Upon asking the initial questions, if no abuse is reported, accept the patient’s response and respect his or her right to self-determination. If abuse is suspected due to injuries or other behaviors despite the lack of disclosure, concern for the patient’s safety and health should be expressed without conveying judgment of the victim or partner. The clinician should let the patient know that he or she is always welcome to seek help through the dental practice. The steps taken during the appointment should be documented in the patient’s record.11

If upon asking the initial question, the patient discloses past or current abuse, the clinician should listen, acknowledge, and validate the patient’s concerns. The key message that clinicians need to impart is that they understand the patient is in a difficult and scary situation that is not his or her fault, the patient is not alone, and they want to help him or her in any way possible.15 Clinicians should explore how the abuse is impacting the patient’s dental situation and how he or she has coped thus far. The patient can be asked if he or she has someone to talk to and whether he or she has any concerns about safety. This discussion should be documented in the patient’s record. Table 4 includes additional tips for assisting victims of domestic violence.13,16,17How to Assist Domestic Violence Victims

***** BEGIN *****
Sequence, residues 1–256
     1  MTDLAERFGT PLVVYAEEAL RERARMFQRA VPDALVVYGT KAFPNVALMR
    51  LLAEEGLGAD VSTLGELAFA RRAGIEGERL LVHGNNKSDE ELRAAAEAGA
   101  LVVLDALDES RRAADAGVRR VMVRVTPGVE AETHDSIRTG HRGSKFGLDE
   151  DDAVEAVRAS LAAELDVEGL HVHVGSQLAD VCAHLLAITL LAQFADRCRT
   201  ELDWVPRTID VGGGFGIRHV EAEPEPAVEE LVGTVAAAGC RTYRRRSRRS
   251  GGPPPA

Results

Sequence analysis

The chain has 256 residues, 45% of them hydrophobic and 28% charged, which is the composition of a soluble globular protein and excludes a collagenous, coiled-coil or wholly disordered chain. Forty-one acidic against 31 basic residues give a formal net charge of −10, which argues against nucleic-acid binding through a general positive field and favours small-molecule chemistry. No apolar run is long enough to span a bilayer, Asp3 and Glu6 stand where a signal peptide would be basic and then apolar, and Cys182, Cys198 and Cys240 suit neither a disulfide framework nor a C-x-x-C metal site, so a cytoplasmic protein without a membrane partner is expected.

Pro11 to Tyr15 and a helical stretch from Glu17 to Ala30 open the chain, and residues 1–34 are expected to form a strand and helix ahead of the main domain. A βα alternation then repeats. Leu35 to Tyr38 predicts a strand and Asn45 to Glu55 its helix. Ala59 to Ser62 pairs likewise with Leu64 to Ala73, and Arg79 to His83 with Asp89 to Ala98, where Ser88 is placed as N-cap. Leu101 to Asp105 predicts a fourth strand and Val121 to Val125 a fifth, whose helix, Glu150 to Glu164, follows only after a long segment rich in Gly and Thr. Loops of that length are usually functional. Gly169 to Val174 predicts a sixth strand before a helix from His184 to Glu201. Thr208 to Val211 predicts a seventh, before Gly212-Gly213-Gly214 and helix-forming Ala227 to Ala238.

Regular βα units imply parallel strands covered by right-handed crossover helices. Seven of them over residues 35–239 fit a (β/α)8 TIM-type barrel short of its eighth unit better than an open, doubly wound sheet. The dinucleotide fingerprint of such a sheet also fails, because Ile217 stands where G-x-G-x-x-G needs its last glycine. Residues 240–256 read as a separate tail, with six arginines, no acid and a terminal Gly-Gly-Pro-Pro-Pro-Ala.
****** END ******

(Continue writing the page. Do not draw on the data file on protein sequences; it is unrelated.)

Dental practices should have a plan of action in case patients disclose abuse. First and foremost, safety concerns should be immediately addressed. Concern should be expressed and assistance offered with contacting authorities or an abuse hotline. There are national and local resources available to help victims (Table 5).18

Appropriate referral information should be provided in writing or verbally if it is unsafe for the patient to take or write down numbers. Keep in mind that risks are complex and different for every victim. If an abuser perceives a loss of control, which often happens if he/she learns that the victim is seeking help, the risk for the victim may increase. When a patient is provided with resources, such as a domestic violence hotline number or other handouts, keep in mind it may be unsafe for him or her to take it. Clinicians should be creative about giving information discretely, such as providing a generic business card or resource list that includes hotline numbers.

Clinicians should report the abuse to appropriate authorities if required by law. Each state has different regulations regarding the reporting of abuse depending on a victim’s age and other factors. Clinicians need to be aware of the laws in the state they practice in.19